The first Skyline (ALSI-S1). One of the suspension engineers was Mr. Sakurai at this time (1957-1963).

5th Skyline, which is commonly known as “Japan”. A catch phrase of “The Skyline Japan” was used with the meaning called the car by Japanese climate. It was changed from 4 lights of round shaped headlights to 2 lights of corner type at 1979 (1977-1981).
Mr. Sakurai didn’t spoon-feed his subordinates or teach them how to do things step by step. He would give me the necessary information and then leave everything else up to me. Whenever I finished a task, he would bombard me with questions. If I couldn’t answer him thoroughly and correctly, he wouldn’t accept the results. You could never say, ‘Somebody said so,’ or ‘I read it in a book.’ That was taboo. Even if it was true, you had to study the issue at hand, be able to prove the validity of your response, and master the whole thing. If you hadn’t completed this process, he saw through you right away when you tried to answer his questions. He knew everything, even about production techniques, and I had enormous respect for him because it was obvious that he studied very hard and worked very hard. But once you had won his trust, working for him was easy. After that, whenever I drew a design and took it to him, he would sign off on it without really scrutinising it (laughter).
Mr. Sakurai was very good with language and at speaking to groups. Today we’d say that he had outstanding presentation skills. Let me give an example of how he would go about expressing himself. He would say something like, ‘The basic philosophy of the Skyline is to deliver reliability and an outstanding driving performance. The ideal is a car that is absolutely true to the driver’s intentions. It’s the same as a horse and rider becoming one when the rider is on the horse’s back and the horse is in motion. A horse generates propulsion by pushing off with its back legs and applying torque to move itself forward. It’s quite natural. This is a good example of the rear-wheel-drive system in cars. But if you observe the movement of a horse more closely, you see that it also pushes off the ground with its front legs and it also controls the direction of its movement with its back legs. To duplicate this, cars need four-wheel-drive and four-wheel-steering systems. These are the functions of the ATTESA* and HICAS** systems.’ That’s how he would explain our products. That kind of approach is pretty persuasive, don’t you think?
6th Skyline, which is commonly known as “Newman” or “Iron Mask”. Because of an origin TVCF which Paul Newman was promoted and a front face without radiator grill. 5 door hatchback existed, too (1981-1985).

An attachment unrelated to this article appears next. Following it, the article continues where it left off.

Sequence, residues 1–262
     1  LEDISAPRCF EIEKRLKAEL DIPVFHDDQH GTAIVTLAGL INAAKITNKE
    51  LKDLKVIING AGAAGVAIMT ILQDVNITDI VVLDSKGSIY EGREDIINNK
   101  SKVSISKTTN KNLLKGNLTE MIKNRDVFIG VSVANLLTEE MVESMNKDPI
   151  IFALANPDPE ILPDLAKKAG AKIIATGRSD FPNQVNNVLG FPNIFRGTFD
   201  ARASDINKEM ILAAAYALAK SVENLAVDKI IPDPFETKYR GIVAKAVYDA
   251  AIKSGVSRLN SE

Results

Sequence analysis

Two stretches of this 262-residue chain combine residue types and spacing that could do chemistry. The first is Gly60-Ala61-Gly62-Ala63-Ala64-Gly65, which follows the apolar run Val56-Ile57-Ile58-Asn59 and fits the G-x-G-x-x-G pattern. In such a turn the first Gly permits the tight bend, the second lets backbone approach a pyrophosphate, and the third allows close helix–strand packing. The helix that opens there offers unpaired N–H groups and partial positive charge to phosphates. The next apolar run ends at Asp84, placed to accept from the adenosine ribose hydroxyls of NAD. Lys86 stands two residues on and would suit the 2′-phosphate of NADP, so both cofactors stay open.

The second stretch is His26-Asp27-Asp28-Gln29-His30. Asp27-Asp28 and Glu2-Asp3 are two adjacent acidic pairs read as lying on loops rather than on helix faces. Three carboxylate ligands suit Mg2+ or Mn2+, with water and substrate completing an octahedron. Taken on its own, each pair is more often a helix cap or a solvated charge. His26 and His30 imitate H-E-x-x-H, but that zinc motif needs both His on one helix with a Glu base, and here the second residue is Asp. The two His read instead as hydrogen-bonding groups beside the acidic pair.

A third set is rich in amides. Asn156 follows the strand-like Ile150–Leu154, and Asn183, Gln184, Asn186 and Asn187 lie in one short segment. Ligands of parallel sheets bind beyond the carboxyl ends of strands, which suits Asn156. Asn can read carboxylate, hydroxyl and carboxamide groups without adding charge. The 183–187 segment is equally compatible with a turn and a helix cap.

• * ATTESA E-TS stands for Advanced Total Traction Engineering System for All Electronic-Torque Split, an electronically controlled torque split four-wheel-drive system developed by Nissan Motor.
  • ** HICAS stands for High Capacity Actively Controlled Suspension, an electronically controlled four-wheel-steering system (4WS) developed by Nissan Motor.
The Skyline is my alter ego
7th Skyline, which is commonly known as “7th”. At the launch, It was two types of body which is four-door hard top without B pillar and the four-door sedan. A wagon and a two-door coupe were added later (1985-1990).
I never thought that Mr. Sakurai would give up the development of the Skyline. He was involved with the project from the very first generation and even though he supervised other models as well along the way, he basically developed and lived with the Skyline throughout his career at Nissan. He would say things like, ‘The Skyline is my alter ego.’ As a result, when he became ill and entrusted me with continuing his work, I always believed that I was just a pinch hitter. Still, when he came back, he told me that he would leave it to me. I honestly didn’t want to do it (laughter). It meant succeeding Shin’ichiro Sakurai, this larger-than-life figure who had developed the car, and on top of that, the Skyline was a difficult car in many respects. But at the same time, I thought that it would be terrible if somebody else took on the job and made the Skyline a car that was no longer worthy of its name.

If I was going to take the job, I wanted to make sure that the car remained entirely true to the Skyline name and fully retained its historic personality. But that was when front-engine, front-wheel-drive cars were the becoming the dominant trend and it was difficult to stick to a front-engine, rear-wheel-drive configuration. To make it all the more difficult, the Skyline was a product that generated extremely high expectations on the part of customers. It was taken for granted that the new version of the car would be an excellent product. Once I took over and had to make all the final decisions regarding the car, I came to fully appreciate all of the difficulties that Mr. Sakurai had had to cope with over the years.
The fact that the Skyline is such an iconic model and generates such high expectations among our customers is down entirely to Mr. Sakurai. It was his achievement. He was a great engineer who nurtured a number of engineers through the various Skyline development projects and contributed greatly to the development of automotive technologies in Japan.